Winter break is a time when most students unwind and relax, using the few weeks to enjoy their favorite hobbies. In that regard, young Robert F. Smith was no different than kids today. During high school, he used his breaks to get more acquainted with technology, especially computers. He would tinker with these computers, learning how they worked through a trial and error process.
“I got hooked on technology,” said Smith. “The excitement of figuring a complex problem out creates a eureka moment. It’s one of the best moments in life.”
Smith turned his hobby of working with technology into a career, landing an internship at Bell Labs when he was a junior in high school. He then went on to study chemical engineering at Cornell University and later used those insights to found a successful investment firm, solely targeting technology, software and data companies.
Students who want to follow in the footsteps of Smith and make the most of their technological talents this winter break have many options. And, most of the options are programs that can be completed in the comfort of home.
Scratch is designed and maintained by the Lifelong Kindergarten Group at the MIT Media Lab and supported by Vista Equity Partners, the investment firm in which Smith is Founder, Chairman and CEO. Vista joined in a partnership with Scratch this past March and through its support, enables Scratch to offer its programs and services free of charge.
Scratch is a programming language and online community where students can learn how to program their own interactive stories, games and animations while also learning how to think creatively, work collaboratively and reason systematically. Once formatted, these student creations can also be shared with others in the online community. Scratch is designed especially for students ages 8 to 16, but children of all ages are encouraged to try out their skills at computer programming. Those between the ages of 5 and 7 can also check out ScratchJr.
Code.org® is a nonprofit dedicated to incorporating computer science as part of core K-12 education while also increasing participation by young women and minority students. All curriculum resources and tutorials are free, with thousands of projects and courses available right from the website. What’s more, some after-school programs around the country, including the Boys & Girls Clubs of America, have partnered with or continue to partner with Code.org, providing students with even more opportunities to learn about coding. Code.org also created the annual Hour of Code campaign, which will take place December 7-13, 2020. During this week-long event, there will be several one-hour coding tutorials translated into over 45 languages that students can participate in from the comfort of their own homes. In the past, some of these coding events have taken place at Vista, and the nonprofit as a whole is supported by the firm.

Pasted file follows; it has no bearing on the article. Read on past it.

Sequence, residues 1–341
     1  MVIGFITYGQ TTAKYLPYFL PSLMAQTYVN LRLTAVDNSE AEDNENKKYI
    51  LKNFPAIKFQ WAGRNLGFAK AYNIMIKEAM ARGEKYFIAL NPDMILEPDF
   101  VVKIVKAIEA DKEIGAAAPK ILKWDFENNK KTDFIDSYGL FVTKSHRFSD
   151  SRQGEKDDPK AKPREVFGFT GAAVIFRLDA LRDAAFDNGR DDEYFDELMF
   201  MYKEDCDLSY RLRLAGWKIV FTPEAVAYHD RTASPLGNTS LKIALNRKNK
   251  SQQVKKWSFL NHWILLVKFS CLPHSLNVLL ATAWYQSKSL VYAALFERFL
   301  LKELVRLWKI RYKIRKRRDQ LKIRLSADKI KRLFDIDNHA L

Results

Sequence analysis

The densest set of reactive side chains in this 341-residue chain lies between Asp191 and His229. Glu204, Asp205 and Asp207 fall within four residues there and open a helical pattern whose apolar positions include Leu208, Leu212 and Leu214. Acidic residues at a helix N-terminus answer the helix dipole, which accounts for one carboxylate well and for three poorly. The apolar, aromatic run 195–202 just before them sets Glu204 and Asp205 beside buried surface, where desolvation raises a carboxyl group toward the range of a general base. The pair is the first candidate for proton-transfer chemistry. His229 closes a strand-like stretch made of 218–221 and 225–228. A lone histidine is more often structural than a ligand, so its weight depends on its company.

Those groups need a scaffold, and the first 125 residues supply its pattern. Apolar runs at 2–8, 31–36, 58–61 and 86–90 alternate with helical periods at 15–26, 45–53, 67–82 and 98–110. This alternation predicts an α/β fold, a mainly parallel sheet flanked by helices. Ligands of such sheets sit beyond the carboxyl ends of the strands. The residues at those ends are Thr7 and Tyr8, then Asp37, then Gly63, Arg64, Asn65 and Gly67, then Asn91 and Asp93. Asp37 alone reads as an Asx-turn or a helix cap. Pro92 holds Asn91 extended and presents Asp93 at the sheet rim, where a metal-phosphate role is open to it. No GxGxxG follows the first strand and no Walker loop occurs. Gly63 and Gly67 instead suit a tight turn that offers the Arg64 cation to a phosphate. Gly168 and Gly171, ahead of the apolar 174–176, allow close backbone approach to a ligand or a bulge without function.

Boys & Girls Clubs of America
Aside from Code.org, Boys & Girls Clubs, which Smith supports and is a trustee in San Francisco, offer other tech programs for students to engage in over winter break. For example, DIY STEM is a hands-on, activity-based STEM curriculum designed for students ages 9 to 12 looking to further engage with scientific principles. DIY STEM is broken up into five STEM-related modules, such as Energy and Electricity, Engineering Design and Food Chemistry. Each module includes simple, fun, hands-on activities that expose pre-teens to science, technology, engineering and math.
Career and Technical Education Courses
Career and Technical Education (CTE) courses are another option for students who are looking to engage in technology beyond the parameters of a traditional winter break. In Smith’s hometown of Denver, CO, thousands of high school students each year enroll in CTE courses, many in the STEM field. These courses introduce students to tech industries that they can start working in right out of high school. Or, students can apply this learning to a traditional college degree, earning college credits while at home.
Learn more about the STEM-based winter break activities available for students in your area by contacting your local schools and Boys & Girls Clubs or by checking out the online activities and winter break classes from organizations like Code.org and Scratch.